Black & Veatch has been awarded a contract to build a microgrid for Shell International Exploration & Production Company in Houston.
The microgrid will use solar photovoltaics and a natural gas reciprocating engine, along with an advanced battery storage system.
The microgrid will be located at the Shell Technology Center Houston (STCH), which brings together about 2,000 Shell scientists, technologists and engineers to solve current and future energy challenges. The facility’s recently modernized design focuses on energy efficiency and sustainability through Leadership in Energy and Environmental Design (LEED) certification.
“The STCH Microgrid will enable us to do hands-on research and develop solutions to complex renewable energy system integration challenges,” said Ajay Mehta, general manager, Long Range Research & New Energy Technologies, Shell International Exploration and Production. “These solutions will enable Shell to leverage the value of renewable energy, accelerate its integration into existing Shell operations (and beyond), and further drive the adoption of more and cleaner energy solutions for the future.”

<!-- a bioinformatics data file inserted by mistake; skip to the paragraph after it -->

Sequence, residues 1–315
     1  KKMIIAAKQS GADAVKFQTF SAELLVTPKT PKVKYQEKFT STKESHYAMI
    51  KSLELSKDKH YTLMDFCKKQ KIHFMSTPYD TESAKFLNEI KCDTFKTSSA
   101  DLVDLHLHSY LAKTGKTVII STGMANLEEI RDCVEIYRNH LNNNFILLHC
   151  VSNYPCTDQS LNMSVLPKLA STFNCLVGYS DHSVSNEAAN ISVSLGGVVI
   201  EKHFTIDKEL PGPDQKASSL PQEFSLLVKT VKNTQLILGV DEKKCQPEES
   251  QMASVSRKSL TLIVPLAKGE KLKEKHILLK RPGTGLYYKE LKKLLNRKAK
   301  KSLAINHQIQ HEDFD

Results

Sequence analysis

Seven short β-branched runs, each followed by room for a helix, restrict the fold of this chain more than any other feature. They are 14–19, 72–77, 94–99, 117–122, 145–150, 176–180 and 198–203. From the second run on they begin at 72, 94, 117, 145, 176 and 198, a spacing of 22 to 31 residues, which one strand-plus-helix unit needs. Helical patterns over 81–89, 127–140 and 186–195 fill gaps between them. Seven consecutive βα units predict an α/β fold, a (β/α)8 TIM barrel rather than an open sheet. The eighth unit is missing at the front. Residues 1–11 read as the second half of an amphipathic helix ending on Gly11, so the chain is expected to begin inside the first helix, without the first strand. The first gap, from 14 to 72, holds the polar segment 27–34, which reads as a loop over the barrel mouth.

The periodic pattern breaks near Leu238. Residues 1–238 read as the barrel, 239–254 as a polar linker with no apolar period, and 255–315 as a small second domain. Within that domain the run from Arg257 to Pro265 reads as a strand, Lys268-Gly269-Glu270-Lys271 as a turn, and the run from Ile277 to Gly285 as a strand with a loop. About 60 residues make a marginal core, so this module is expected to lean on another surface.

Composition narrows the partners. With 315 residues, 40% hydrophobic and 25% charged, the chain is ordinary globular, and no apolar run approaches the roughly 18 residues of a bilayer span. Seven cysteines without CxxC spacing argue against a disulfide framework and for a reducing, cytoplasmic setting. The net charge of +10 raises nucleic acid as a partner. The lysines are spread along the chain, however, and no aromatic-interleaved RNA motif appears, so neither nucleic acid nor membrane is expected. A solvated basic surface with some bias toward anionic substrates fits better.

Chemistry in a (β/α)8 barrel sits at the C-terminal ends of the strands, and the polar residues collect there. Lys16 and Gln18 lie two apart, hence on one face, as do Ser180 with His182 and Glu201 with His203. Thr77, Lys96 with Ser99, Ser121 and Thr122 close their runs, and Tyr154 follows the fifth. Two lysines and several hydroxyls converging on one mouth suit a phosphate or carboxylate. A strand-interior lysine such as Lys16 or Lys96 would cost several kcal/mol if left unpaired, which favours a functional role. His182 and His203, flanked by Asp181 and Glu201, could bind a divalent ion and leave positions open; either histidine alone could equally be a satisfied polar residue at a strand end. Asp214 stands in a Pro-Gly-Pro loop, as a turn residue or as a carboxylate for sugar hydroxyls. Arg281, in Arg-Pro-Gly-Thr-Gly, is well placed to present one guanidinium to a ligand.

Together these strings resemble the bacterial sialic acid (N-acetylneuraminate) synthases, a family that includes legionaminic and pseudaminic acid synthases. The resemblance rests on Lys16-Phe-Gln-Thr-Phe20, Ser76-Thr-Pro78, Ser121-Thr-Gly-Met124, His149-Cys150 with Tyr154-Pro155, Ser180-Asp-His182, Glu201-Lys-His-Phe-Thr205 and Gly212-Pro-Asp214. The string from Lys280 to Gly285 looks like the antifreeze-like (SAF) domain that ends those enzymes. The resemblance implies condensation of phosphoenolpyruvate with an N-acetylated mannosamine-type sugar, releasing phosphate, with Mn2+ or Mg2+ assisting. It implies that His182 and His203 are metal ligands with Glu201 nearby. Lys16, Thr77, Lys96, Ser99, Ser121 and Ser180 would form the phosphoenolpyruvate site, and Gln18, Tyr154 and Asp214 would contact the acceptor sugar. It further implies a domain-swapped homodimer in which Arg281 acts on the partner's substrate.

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Shell and Black & Veatch intend to use the microgrid as a platform for collaborative research to test a spectrum of microgrid use cases. The partners hope to gain a better understanding of technical solutions to difficult distributed energy use cases. They also hope to better understand future applications for distributed energy.
The microgrid is designed to accommodate additional resources in the future, including Black & Veatch’s data analytics platform. The platform will provide actionable insights about the microgrid’s performance and allow Shell operators to optimize operation based on energy demand, solar production and other conditions. Black & Veatch will handle engineering, procurement and construction of the microgrid for Shell.
Read more about microgrids that use reciprocating engines by downloading the free Microgrid Knowledge guide, Reciprocating Engine Generators and Microgrids: The Last Defense Against a Power Outage